Notice that I’ve centered the integration window on the sample time, of zero.  Physically, the entire integration happens and then our sampler will read out the bucket (which is the end of the integral).  My readout into my measurement device drains the bucket completely.  Because I am a fanatic about proper rain measurement, I then derive the frequency response.  This is not hard, because this is a simple Fourier transform of this window.  Because I’m interested in the power in the signal, I take the absolute value of the Fourier transform.  With very little surprise, I see that it is this:

There are interesting things about this plot.  First, it’s abs(sin(f)/f).  In the frequency domain, it’s an infinite sinc function.  It has nodes related to how long the original square wave was (60 seconds), which had a time of 60 seconds, so the first node is at 17mHz.  17mHz also happens to be our sampling frequency of the system.

Now, because I adhere to good prefiltering before sampling, don’t care much for this frequency response.  The Nyquist rate is 8.3 mHz, and by that point this MTF has dropped off a lot, and then this function continues to have lobes infinitely, which is no good.  The prefilter response I want is:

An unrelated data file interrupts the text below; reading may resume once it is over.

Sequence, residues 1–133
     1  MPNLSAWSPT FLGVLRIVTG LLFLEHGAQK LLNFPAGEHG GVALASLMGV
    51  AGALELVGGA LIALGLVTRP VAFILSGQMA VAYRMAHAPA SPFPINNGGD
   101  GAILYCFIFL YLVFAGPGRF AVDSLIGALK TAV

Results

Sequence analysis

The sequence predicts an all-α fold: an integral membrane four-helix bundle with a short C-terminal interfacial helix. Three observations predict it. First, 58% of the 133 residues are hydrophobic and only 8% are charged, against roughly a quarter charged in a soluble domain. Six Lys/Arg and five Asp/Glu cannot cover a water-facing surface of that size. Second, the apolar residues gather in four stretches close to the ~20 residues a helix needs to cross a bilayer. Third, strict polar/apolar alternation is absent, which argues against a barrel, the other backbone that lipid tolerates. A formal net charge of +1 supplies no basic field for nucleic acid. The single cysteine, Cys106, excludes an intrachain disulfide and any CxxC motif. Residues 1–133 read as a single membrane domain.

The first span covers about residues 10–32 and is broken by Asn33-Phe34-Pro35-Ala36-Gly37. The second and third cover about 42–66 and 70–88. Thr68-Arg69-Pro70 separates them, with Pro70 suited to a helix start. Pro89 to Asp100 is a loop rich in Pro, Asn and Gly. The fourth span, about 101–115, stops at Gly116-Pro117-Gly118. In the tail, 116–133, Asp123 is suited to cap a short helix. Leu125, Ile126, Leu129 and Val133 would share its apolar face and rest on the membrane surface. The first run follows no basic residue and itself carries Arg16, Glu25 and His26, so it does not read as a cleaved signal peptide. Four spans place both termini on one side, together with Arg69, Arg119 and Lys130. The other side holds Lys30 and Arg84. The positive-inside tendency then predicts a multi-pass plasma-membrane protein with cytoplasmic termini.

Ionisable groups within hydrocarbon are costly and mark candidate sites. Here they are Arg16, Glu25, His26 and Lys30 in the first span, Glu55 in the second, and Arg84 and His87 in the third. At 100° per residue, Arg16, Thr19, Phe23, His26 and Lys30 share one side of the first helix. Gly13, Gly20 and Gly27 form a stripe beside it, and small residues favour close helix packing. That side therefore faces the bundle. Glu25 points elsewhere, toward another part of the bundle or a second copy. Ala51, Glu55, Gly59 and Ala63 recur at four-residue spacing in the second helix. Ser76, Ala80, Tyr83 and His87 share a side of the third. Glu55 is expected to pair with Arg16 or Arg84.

Ok, so to fiddle with the thing, decide the only thing I can really change here is my bucket’s response to incoming rain.  I can add some device above the bucket that allows me to shape the bucket’s integration function.  Since the shape of this integration function is the key determiner of the frequency response, that’s really the only thing I have to tweak this response.  So I add a little movable shield on top of the bucket.  With this, I can change how long the bucket is sensitive.  Notice that my shield isn’t the sampling system.  It’s just a shield.  The sampling system is still the valve and the measurement device down below.  My shield is part of the filter and integration.  So I set up my shield so that it’s open for only 30 seconds, then closes for the other 30 seconds.  My readout still happens at the same time every minute. (This is a 180-degree shutter).

My new frequency response is this:

That’s not so great.  I need something that falls off sooner, and this still has sidelobes that go on forever.  So I reverse solve for what I need my integration function to be.  That’s not hard, it’s the inverse Fourier transform from my ideal filter.  Uh, oh, but there’s a problem:

This thing is a sinc function and is inifinite.  I don’t have that much time for each sample (much less in my entire life).  Remember, this is the function applied to the bucket for EACH MEASUREMENT I want to make.  I really only have the bucket for 60 seconds for a sample.  In other time periods, the bucket is occupied doing integration for other samples.  So how can I implement this infinite window function (much less, how do I implement it going negative?)  I can’t.  It’s simply not possible with my bucket and the tools I’m limited with here.